The Department of Internal Affairs

Te Tari Taiwhenua | Department of Internal Affairs

Building a safe, prosperous and respected nation


Child sex abuse material included instructions about where to find and how to seduce children

A Wellington man was convicted today on a total of nine charges of distributing and possessing child sex abuse images and stories, including instructions on where to find vulnerable children and how to seduce them so that adults could have sex with them.

He pleaded guilty to three charges of distributing objectionable material and six representative charges of possession. He is 37 years old. He was dismissed by his employer because of his offending and sentenced today in the Wellington District Court to 300 hours community work. An order was made for the destruction of his objectionable publications.

In sentencing, the court noted that the material represented only a sample his collection and included highly objectionable material. Judge Anthony Walsh said that offending of this kind is completely unacceptable, and he considered premeditation was involved in that a considerable amount of material was collected. He noted that the man was not in a position to pay a fine, had lost his job, and was less likely to get new employment because of his conviction.

The Director of the Department of Internal Affairs Gaming and Censorship Regulation Group, Keith Manch, said that the man's instructions targeted children and teenagers aged from 11 to 17.

Mr Manch said that most of the Department’s cases involve offenders who were distributing and collecting electronic pictures and videos of children being sexually abused. He said that this case was different because most of the objectionable material that he was collecting from, and distributing on, the Internet was text files.

His collection included an image of a child who was being forced into bestiality, and 500 stories about incest with, and rape of, children and young teenagers.

“This case goes to the heart of why distributing child sex abuse material is illegal,” Mr Manch said. “This maan was distributing and collecting material that encouraged the sexual abuse of children.

“Even if he did not himself go on to physically abuse children, he was spreading a message that encouraged others to do so.

“Without the actions of offenders like him, fewer children would have been abused and there would be less danger of abuse in the future.”

This case began in February 2003 when a Department Inspector found a New Zealander operating in a file sharing area of the Internet. The New Zealander was offering to share thousands of files with anyone who could access them.

The Inspector downloaded the list of files being offered and found many of them seemed to be stories about incest with young children. The Inspector downloaded 28 files, one of which was the bestiality picture and 27 were incest stories.

Further investigation identified the manshowed that he was operating from his employer’s premises in the Hutt Valley .The employer was unaware of his activity until Inspectors executed a search warrant in May 2003.

He admitted to the Inspectors that he had set up and operated the file sharing system. Three computers, several hard drives and a large number of printed stories were seized with the co-operation of the employer.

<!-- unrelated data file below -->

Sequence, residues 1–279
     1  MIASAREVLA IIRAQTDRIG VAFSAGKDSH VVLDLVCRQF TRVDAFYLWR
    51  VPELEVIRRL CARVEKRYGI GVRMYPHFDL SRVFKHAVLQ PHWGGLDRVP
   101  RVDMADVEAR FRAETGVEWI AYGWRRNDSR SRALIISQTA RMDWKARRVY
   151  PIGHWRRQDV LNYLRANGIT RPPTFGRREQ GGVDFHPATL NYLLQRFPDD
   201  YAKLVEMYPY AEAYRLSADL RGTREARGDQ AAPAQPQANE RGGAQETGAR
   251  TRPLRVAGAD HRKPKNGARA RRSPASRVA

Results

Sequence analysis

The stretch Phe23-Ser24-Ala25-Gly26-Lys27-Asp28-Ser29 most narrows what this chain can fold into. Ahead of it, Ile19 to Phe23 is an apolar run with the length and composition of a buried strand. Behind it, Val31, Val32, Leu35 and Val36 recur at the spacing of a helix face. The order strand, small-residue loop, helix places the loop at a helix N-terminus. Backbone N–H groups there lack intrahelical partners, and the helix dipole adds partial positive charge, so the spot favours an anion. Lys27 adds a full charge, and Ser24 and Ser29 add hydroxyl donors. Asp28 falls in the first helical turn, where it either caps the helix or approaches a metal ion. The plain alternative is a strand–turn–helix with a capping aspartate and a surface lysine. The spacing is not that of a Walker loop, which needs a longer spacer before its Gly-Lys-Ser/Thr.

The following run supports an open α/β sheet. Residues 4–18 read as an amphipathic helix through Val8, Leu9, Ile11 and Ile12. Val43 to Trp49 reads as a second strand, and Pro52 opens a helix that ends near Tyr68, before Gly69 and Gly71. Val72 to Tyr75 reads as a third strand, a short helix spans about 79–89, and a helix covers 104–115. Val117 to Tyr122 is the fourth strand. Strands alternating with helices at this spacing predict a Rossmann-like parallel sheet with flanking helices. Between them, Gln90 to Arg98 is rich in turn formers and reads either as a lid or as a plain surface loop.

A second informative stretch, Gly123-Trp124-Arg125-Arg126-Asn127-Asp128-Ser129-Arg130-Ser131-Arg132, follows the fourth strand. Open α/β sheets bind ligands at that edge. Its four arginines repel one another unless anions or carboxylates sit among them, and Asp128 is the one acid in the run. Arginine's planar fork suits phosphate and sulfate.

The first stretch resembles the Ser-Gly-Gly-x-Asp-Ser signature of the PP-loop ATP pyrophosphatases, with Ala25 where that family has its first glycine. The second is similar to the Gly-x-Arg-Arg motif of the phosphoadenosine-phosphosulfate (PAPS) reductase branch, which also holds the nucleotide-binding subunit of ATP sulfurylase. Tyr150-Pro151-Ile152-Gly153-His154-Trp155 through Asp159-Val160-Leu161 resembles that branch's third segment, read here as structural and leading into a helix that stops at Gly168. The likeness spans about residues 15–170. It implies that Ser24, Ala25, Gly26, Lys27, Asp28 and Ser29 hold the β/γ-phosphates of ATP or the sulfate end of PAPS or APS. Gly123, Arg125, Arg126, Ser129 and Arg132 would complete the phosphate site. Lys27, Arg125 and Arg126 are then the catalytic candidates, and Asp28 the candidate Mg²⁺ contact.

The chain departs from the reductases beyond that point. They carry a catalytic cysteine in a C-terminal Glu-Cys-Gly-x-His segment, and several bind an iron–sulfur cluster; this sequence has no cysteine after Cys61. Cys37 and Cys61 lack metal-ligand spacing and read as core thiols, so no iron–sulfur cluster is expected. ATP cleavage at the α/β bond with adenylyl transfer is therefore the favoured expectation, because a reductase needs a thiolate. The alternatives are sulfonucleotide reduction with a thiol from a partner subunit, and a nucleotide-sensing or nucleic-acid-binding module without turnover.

The Department’s analysis of the computers and hard drives found the objectionable files. The stories the man had printed were about the sexual abuse of children and teenagers aged from eight to 15 years.

NOTE: [his employer asked the Court for an order prohibiting publication of its name and information likely to lead to its identification. The Court granted this.]

Background note for writers and editors:

“Child sex abuse images”: explaining our terminology

The Department of Internal Affairs has made the decision to no longer use the words “pornography” or “porn” when it describes the images on which most of its prosecutions are based. This avoids the risk of confusing the abuse of children with images of consensual adult sexual activity.

Most of the Department’s action is against electronic movies and pictures of children being raped, abused or violently assaulted. It uses the phrase “child sex abuse images” to more accurately describe these images.

Where the images are of children in sexual poses or involved in sexual acts, the Department uses the phrase “sexual images of children”. However, it is important to always keep in mind that children being sexually posed, or made to take part in sex acts, are being abused and exploited by those very actions, their images may be on the Internet forever, and the images promote the exploitation of more children.

The Department never uses the phrase “kiddy porn”. Most people working in prevention of sexual abuse, and those who work with its victims, find the term offensive. It is a mocking phrase that minimises rape, assault and exploitation of children.

The Department acknowledges the right of writers and editors to set their own style and standards. While the final decision on what words to use is their responsibility, the Department asks that the points made in this note be considered when our statements are used.

Media contact:

Keith Manch
Director Gaming and Censorship Regulation
Phone 04 495 9449
Cellular 027 445 6420